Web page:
On pace to meet last year’s figure

Saudi Arabia likes executing people even more than the US does.

The European Saudi Organization for Human Rights, a human-rights group, said 146 people were executed in 2017, slightly lower than 154 in 2016. “Such a level of executions has not been witnessed since the mid 1990s,” the group said in a report released this week. The group said that as of April 2018, Saudi authorities had executed 47 people and were on pace to meet last year’s figure. Dozens more, it said, continue to face the death penalty, including some under the age of 18.

That’s out of a population of 32 million, so a tenth of ours in the US. We executed 23 people last year, 20 the year before that – with a high of 98 in 1998; source. Both are shameful but the Saudis are ahead of us on the numbers.

Saudi Arabia employs the death penalty, which sometimes is carried out by gunfire, and usually in public, in response to a wide variety of transgressions, including murder, adultery, atheism, and sorcery and witchcraft. Despite this, it has in recent years found itself on various UN panels that oversee human rights and women’s rights around the world. (The country is hardly alone in its punitive practices—or its membership of elite UN panels. Iran, its main regional rival, executes more people per capita than anyone else in the world, also citing shariah as justification; techniques include stoning, hanging, and being thrown off a cliff. The U.S. is among the few Western nations that conducts executions, though it is mostly carried out by lethal injection.)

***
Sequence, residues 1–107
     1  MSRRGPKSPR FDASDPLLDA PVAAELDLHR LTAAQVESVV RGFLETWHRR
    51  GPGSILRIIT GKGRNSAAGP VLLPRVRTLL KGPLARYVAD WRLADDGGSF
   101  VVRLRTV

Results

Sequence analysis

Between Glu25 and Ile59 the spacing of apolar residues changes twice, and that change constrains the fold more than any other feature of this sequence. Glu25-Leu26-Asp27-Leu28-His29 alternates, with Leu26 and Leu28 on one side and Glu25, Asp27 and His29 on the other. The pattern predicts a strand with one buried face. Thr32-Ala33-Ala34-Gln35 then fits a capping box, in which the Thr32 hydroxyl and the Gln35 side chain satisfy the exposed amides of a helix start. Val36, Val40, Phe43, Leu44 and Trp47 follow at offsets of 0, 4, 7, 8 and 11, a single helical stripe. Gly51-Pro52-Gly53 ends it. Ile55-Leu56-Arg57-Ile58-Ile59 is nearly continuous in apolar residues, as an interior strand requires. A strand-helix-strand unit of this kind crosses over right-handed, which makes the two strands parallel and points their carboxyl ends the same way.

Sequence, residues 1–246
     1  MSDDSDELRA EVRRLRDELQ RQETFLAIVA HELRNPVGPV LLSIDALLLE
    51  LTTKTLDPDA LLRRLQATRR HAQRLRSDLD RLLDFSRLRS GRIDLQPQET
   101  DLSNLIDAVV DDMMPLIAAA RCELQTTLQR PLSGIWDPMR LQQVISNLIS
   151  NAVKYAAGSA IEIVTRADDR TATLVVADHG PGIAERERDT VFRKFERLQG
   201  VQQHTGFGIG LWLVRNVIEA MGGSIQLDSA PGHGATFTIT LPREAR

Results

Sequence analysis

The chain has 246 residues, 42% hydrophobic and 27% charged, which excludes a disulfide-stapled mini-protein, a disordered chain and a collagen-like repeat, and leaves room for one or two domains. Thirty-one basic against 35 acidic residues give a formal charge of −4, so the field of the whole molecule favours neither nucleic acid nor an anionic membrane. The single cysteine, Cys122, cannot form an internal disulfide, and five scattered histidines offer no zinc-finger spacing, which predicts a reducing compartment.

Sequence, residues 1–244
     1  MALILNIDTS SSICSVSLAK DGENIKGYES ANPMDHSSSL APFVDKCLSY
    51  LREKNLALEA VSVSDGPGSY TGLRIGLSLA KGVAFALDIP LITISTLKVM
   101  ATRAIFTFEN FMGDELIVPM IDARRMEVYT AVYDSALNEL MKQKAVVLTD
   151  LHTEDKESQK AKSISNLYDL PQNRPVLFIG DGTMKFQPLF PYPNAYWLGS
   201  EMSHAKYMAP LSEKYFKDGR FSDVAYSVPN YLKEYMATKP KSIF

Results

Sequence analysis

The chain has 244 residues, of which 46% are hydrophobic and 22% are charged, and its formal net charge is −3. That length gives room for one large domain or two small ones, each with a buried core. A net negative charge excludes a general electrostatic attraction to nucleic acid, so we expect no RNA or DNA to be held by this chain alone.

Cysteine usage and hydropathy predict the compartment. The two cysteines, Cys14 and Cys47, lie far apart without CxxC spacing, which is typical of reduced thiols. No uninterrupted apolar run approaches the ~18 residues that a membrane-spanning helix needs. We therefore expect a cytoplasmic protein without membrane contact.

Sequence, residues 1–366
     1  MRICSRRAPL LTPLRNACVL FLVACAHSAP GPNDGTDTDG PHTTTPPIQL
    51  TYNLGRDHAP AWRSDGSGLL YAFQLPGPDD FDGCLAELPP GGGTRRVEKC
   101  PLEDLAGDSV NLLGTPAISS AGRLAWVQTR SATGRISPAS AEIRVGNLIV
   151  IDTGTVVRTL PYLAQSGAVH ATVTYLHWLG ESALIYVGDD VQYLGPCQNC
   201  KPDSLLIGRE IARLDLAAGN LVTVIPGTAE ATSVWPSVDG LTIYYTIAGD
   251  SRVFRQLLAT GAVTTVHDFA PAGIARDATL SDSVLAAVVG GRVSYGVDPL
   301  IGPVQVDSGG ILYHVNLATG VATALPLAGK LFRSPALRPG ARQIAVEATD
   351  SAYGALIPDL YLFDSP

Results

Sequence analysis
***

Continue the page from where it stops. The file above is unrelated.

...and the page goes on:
Saudi Arabia’s practices have been widely condemned by the international community and human-rights groups, but given its angry response to Canada’s alleged “interference” in its internal affairs, the kingdom looks unlikely to change the way it metes out its punishments. Saad al-Beshi, a Saudi executioner, said in a 2003 interview that he was “very proud to do God’s work.”

“It doesn’t matter to me: two, four, 10—as long as I’m doing God’s will, it doesn’t matter how many people I execute,” he said, according to the BBC. He added: “No one is afraid of me. I have a lot of relatives, and many friends at the mosque, and I live a normal life like everyone else. There are no drawbacks for my social life.”

Yes, that’s the big danger of religion, that delusion that one is “doing god’s will” and that that makes whatever horrible thing one is doing Good and Virtuous.

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